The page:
Meet Braden Peterson

by Austin Giles

Guest  Reporter

On a Wednesday night at the Wild Buffalo, the hysteria of the scene inside reflects upon the name of the music venue itself, the crowd of 200 resembles a stampede as they rotate and push through each other to get to the epicenter of the club, a massive circular bar that houses an isolated tower of gleaming bottles of alcohol. Behind the counter is Braden Peterson, a 25 year old full time bartender who hasn’t stopped moving since his shift started at 11 p.m.

Three other bartenders work alongside Peterson, keeping the crowd at bay by moving quickly enough to get them in, out and on to the next drink order. They must move quickly, as the bar would be overrun if they slowed their pace even slightly. Wednesdays are always busy nights and the lines leading up to the bar are endless.

Peterson sports a black beard and black shirt resembling any classic image of your friendly neighborhood bartender. He always seems cool, calm and collected. He has to keep his composure in such a hectic and fast paced environment; to an outsider it might seem overwhelming, but he’s got it all under control.

The night life of Bellingham is thriving, down town is filled with clubs and bars but not many that have the high volume of patrons coming in like that of The Wild Buffalo –where Braden Peterson is there to accommodate all and make any kind of drink you can think of.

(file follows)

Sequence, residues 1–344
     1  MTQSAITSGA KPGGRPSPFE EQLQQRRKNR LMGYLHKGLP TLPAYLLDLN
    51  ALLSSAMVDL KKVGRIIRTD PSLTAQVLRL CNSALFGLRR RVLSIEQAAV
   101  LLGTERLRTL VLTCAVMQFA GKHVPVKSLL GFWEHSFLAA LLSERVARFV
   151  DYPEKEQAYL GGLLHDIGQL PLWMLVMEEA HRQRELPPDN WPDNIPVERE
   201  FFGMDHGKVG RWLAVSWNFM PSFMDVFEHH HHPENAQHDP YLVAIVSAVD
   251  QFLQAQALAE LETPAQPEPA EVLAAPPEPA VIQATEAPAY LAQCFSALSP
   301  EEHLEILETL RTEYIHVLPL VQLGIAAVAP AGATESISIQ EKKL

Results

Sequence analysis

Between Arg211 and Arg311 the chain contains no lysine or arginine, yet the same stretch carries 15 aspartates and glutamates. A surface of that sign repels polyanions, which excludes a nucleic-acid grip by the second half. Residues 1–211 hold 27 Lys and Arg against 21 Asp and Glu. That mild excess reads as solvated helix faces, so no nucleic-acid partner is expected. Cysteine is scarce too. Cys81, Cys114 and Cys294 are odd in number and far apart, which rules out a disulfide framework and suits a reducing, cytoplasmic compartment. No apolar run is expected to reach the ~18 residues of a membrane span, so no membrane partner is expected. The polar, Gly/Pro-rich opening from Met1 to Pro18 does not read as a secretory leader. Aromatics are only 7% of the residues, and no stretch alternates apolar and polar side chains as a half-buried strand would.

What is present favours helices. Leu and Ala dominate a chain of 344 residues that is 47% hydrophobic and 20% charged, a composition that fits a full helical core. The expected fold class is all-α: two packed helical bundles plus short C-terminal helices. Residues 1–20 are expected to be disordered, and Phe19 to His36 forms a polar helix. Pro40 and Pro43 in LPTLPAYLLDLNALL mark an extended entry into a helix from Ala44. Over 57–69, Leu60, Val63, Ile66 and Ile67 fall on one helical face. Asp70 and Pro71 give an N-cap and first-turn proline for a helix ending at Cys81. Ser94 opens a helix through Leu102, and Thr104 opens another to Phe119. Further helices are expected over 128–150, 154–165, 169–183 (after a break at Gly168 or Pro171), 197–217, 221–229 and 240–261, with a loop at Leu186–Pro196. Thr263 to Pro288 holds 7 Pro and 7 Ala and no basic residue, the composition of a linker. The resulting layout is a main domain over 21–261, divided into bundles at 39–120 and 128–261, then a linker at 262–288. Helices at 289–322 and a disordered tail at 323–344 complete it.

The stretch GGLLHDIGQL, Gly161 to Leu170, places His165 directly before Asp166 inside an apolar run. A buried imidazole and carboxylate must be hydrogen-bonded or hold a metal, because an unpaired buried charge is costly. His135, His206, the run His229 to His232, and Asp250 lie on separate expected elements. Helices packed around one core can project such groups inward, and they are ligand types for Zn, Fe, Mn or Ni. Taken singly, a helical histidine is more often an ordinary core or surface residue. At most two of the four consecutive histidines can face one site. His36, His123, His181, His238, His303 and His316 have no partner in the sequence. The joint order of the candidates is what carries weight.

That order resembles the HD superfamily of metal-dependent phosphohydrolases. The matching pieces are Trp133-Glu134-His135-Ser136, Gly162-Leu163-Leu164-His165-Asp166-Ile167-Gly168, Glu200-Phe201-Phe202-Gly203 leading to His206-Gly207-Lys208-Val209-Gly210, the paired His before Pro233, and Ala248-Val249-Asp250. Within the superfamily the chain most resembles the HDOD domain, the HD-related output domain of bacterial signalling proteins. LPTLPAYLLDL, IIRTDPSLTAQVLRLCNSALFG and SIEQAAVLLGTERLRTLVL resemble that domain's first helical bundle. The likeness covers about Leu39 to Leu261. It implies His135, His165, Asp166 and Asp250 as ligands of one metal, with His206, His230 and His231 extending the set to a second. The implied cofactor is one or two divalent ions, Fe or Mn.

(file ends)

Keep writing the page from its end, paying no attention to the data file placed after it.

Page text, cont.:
“ A vodka martini will never be out of style,” says Peterson. “Its simple, classy and easy to make.” He’s got a classic taste but doesn’t mind making any drink, as the man in between the booze and the costumer, Peterson abides.

The Wild Buffalo is in the heart of downtown Bellingham on one of its busiest streets. It is surrounded by other bars, stores, coffee shops and restaurants but the Buffalo is the destination of the majority of the night life in Bellingham; if you walk around on a Wednesday night no place is obviously so busy as the Buffalo.

Inside it is a massive sprawling space, spanning over a dance floor, with a full stage and bar. Large paintings hang on exposed brick walls that stretch upward to the high ceilings. Its reggae night and there’s a live DJ playing reggae infused hip-hop. The dance floor is constantly moving and sparse spinning lights flash every now and again lighting up the dark club.

The music stops and the DJ wishes Braden a happy birthday as it has officially turned midnight and Braden turns 25, he puts his hand up, nods to the stage then goes right back to making drinks. “I’ve been bartending ever since I turned 21,” he said. He had an interest in bartending even before that, starting as a bar-back since the age of 18, changing kegs and stocking beer after gaining some experience in the restaurant business.

“Its very similar to serving tables which I had been doing for a long time, bartending is a job in which you have to have experience, if someone completely new to it were thrown back there it would be a disaster”.